Absorbable Biomaterials

Historically, the use of implants in orthopedic surgery has originated from fracture repair and joint replacement applications. During the late 1920s, stainless-steel bone implants such as Kirshner nails and Steinman pins were popularized for the surgical treatment of fractures (1). With the introduction of new surgical materials such as cobalt alloys, polyethylene and poly(tetrafluoroethylene) [Teflon], surgeons and engineers began working toward the design and fabrication of artificial joints. The advent of new high strength implant materials allowed researchers such Dr. John Charnley to begin pioneering work in total hip replacement surgery in the late 1930s (1,2). As advances in chemistry, metallurgy, and ceramics progressed throughout the years, a large variety of implants have entered the orthopedic market. Today, orthopedic implants are composed of specialized metals, ceramics, polymers, and composites that possess a large range in properties. Although these materials have been successfully fabricated into a variety of implants, one common issue has remained. Once the device has performed its required function and is no longer needed, it remains as a bystander in the now healthy tissue. The issue is that the long-term presence of an implant in the body can result in implant-related complications such as loosening, migration, mechanical breakdown and fatigue, generation of wear particles, and other negative effects (3-6). With prolonged patient life spans and higher activity levels, more and more people are now outliving the lifetime of their implants.
The potential for long-term implant problems has driven researchers to look to a unique category of materials that are capable of being completely resorbed by the body. These bioresorbable or biodegradable materials are characterized by the ability to be chemically broken down into harmless byproducts that are metabolized or excreted by the body. Materials of this type offer a great advantage over conventional nonresorbable implant materials. Bioresorbable implants provide their required function until the tissue is healed, and once their role is complete, the implant is completely resorbed by the body. The end result is healthy tissue with no signs that an implant was ever present. As the implant is completely gone from the site, long-term complications associated with nonresorbable devices do not exist.

The ability of a resorbable implant to provide temporary fixation followed by complete resorption is a desirable property for a large variety of surgical applications. In relation to orthopedic surgery, this behavior is particularly useful based on the goal of restoring physiological function to the tissues and joints of the skeleton. In general, orthopedic surgery is often compared with carpentry in that the surgeon's instruments often consist of hammers, drills, and saws. Similar to carpentry, specialized screws, plates, pins, and nails are used to fix one material to another. In orthopedics, this fixation can be categorized into two main areas: bone-to-bone fixation and soft tissue-to-bone fixation. Bone fixation is used in the treatment of complex fractures and in reconstructive procedures of the skeleton.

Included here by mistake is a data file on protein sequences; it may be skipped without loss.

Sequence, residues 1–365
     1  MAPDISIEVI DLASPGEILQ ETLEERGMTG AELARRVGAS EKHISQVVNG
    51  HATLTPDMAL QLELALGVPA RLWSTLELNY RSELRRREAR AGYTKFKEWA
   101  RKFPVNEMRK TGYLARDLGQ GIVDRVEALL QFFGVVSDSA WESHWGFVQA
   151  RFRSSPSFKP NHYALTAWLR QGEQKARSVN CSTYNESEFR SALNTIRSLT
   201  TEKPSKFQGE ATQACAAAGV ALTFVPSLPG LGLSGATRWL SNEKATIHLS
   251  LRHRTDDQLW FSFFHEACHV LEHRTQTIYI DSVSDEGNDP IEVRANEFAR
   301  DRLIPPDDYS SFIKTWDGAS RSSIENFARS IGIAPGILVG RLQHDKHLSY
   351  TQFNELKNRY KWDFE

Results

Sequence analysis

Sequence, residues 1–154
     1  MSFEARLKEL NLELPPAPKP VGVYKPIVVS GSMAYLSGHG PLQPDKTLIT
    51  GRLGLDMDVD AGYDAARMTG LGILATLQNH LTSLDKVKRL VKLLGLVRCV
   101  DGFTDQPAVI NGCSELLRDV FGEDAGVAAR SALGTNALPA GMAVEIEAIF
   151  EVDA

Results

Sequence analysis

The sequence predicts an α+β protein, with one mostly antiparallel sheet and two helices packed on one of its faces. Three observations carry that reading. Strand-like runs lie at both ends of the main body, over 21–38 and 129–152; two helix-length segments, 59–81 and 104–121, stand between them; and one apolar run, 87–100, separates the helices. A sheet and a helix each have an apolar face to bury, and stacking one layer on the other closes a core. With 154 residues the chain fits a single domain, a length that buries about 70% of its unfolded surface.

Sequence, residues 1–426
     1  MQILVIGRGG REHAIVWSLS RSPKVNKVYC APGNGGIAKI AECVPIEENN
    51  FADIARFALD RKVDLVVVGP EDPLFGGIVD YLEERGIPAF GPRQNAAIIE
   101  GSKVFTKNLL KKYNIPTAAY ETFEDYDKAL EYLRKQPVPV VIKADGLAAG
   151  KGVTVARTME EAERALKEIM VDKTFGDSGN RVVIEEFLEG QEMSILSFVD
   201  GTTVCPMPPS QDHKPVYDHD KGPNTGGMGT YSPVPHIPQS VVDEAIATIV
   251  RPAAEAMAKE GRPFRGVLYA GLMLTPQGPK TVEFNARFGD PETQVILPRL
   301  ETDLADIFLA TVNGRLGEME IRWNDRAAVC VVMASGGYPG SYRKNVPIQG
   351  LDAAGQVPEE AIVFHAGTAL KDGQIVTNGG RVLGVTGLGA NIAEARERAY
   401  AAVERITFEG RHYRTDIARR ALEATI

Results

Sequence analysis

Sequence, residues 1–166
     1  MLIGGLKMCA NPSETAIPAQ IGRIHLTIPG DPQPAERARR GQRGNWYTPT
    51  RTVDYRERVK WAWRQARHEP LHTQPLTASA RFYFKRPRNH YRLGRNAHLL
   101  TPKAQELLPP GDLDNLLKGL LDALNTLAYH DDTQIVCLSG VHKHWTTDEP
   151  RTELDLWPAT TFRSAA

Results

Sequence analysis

The implants used in these surgeries are designed to maintain the position of the bone fragments, to stabilize the site, and to allow for eventual fusion of the fracture. As a result of the fracture healing process, the bone is remodeled so effectively that it is often difficult to locate the initial injury. With nonresorbable implants, the long-term presence of the device only serves as a source for potential complications. Resorbable implants, on the other hand, alleviate this concern by fully resorbing and allowing the bone to completely remodel into its normal physiological state.
In addition to bone fixation, soft tissue fixation is also an excellent application of resorbable implants. This type of reconstruction is often the result of trauma to joints such as the knee and shoulder. Typically developing from sports injuries or accidents, the goal is to restore stability to the joint by replacing or reconstructing the ligament or tendon interface to bone. In the knee, for example, the reconstruction of a torn anterior cruciate ligament (ACL) is a common sports medicine procedure. This type of surgical reconstruction consists of replacing the torn ACL with a bone-tend-on-bone graft taken from the patient's patella and fixing the graft across the joint. During the procedure, the bony portion of the ACL graft is fixed in bone tunnels drilled into the tibia and femur. In order to stabilize the graft and aid in the formation of a stable bone-to-ligament interface, interference screws are used to fix the graft to the site. Once bone has been incorporated into the graft, the device is no longer needed.
Another example of soft tissue reconstruction is the repair of a tear in the rotator cuff tendon of the shoulder. This type of injury requires reestablishing the tend-on-to-bone interface. To facilitate this process and restore stability to the shoulder, implants called suture anchors are used to provide a means to affix the torn tendon to the bone of the humerous. Just as the name describes, these implants function by providing an anchor in bone that allows the attached suture to tighten down on the tendon and pull it in contact with bone. As healing progresses, a stable interface develops and joint function is restored. Similar to other fixation applications, once the interface has fully healed, the implant is no longer needed.

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